Rodeo Both Great and Small - Linda Christas Linda Christas

Rodeo Both Great and Small

by Catherine Kent, Linda Christas College Class of '12

Steer BustingAs a student at Linda Christas College, we are taught about the dignity of man, about hard work, about courage and about scholarship.

The students and teachers of Linda Christas, both the Academy and the College, enjoy discussing the creative aspects of living, and the development of the human spirit.

Originally, I had decided to write an article about one of my favorite subjects: Rodeo.

As a gal born and raised in cattle country, I have always been a horsewoman, and have enjoyed the challenge of allowing my horses the pleasure of galloping full speed in open country. After being corralled for long periods, my three-year-old palomino, Tornado, loves the freedom of translating desire into velocity.

When I think of Rodeo, I am reminded of the courage, skill and intelligence that comprises the essence of the events properly arranged. They hearken back to a time when the cowboy (and cowgirl) ruled the roost in in the West.

Calf BustingHowever, that said, there is one Rodeo event, banned in many places, which still commands the attention of darker spirits.

I am referring to calf or steer busting.

Without being overly condemnatory, and keeping in mind that I am a true fan of Rodeo and keeping the cowboy tradition alive, I weep each time I am invited to a calf busting event.

For example, the neck of the animal pictured below was broken. The cowboy had no trouble looping his rope around three hooves in record time.

The cowboys I know won't participate in such an activity because, for them, to cripple or break the bones of a calf or young steer is not manly.

One of the reasons calf busting is often held on private property, hidden away from the rest of the Rodeo, is because the people who take part in the event know on some level that they are lowering themselves and the purity of Rodeo with each injury delivered to these helpless creatures.

See:

Calf Busting, Broken Neck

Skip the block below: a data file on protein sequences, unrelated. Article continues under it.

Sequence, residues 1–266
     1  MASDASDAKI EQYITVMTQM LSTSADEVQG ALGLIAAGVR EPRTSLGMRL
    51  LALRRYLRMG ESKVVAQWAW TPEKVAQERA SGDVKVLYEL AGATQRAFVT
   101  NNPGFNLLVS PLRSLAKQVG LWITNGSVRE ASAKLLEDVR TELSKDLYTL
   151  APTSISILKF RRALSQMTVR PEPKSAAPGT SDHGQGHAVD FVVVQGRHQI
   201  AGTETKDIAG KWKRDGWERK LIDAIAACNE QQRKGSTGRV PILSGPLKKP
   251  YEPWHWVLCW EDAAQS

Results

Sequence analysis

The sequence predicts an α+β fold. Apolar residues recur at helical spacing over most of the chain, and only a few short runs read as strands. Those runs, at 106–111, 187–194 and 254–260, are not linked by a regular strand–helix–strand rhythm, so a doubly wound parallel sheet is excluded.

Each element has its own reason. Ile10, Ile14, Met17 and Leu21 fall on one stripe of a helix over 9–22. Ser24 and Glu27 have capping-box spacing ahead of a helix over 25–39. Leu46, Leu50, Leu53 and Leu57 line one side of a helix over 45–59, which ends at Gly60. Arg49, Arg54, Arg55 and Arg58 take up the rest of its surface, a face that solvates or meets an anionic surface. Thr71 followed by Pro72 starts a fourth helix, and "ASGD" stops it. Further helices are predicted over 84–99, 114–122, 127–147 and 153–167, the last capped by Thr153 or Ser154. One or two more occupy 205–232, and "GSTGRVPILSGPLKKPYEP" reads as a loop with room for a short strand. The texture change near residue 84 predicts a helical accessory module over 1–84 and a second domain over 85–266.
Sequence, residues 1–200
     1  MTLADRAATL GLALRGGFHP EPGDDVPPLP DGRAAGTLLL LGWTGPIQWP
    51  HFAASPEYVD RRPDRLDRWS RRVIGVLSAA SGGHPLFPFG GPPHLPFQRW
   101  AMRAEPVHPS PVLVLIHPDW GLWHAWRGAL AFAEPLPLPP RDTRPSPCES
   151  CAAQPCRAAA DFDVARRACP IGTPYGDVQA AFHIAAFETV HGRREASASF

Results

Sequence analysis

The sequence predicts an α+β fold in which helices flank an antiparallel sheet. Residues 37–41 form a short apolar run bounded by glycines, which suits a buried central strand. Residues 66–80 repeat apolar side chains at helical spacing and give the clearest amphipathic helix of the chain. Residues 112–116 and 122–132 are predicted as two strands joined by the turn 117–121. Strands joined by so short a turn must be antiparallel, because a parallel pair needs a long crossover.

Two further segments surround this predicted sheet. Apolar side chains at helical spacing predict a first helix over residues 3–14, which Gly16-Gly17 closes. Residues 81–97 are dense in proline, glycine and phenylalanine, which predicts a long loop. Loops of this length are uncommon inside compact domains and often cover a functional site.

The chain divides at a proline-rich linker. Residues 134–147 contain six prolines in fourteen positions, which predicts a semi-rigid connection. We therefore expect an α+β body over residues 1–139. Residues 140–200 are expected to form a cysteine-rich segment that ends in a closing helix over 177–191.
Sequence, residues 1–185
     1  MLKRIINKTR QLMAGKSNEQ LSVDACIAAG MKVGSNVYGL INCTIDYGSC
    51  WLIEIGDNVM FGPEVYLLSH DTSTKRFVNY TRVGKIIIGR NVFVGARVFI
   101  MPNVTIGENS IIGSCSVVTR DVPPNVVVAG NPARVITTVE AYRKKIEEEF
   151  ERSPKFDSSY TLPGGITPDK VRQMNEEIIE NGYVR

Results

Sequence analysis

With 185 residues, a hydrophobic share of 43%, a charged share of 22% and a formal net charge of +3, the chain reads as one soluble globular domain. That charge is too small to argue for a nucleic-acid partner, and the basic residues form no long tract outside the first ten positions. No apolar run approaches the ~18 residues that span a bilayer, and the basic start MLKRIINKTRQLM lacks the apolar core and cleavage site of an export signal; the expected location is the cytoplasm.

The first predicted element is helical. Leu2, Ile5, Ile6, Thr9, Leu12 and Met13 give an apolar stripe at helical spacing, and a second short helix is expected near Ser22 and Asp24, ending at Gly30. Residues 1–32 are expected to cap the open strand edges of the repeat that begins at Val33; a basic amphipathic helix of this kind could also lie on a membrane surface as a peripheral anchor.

Broken Neck

The dragging, beating, piercing, and choking of animals, resulting in dislocated bones, internal injuries and, in some cases, death, needs to be more aggressively addressed by Rodeo organizations themselves. (Several have already banned such events.)

When man engages personally in abusing animals for spectacle alone; when man himself uses his superior position to taunt and brutalize helpless creatures, that is presumably where we as "humane" beings step in to prevent the further degrading of our own souls.

traditional bullfightingOne of the reasons, for example, I do not oppose bull fighting is that, in the bull fighting arena, creatures destined to be used for food are slaughtered in a situation whereby, unlike the slaughterhouse, the animal is given an opportunity to use its own natural "swords" to battle against the coming of the night.

It requires a great deal of courage to face a bull in that sort of arena, and, as such, the event is several levels above calf busting. Sponsored by Coca Cola, Bank of America, Dodge, calf busting in my opinion is a disgrace to Rodeo.

It is my hope that, as Americans, and as we become further and further removed from the animal level ourselves, we will encourage Rodeo organizations to stop scheduling events such as steer or calf busting, if only because the men and women who schedule and participate in these events understand the shame the event brings upon everyone, especially themselves.

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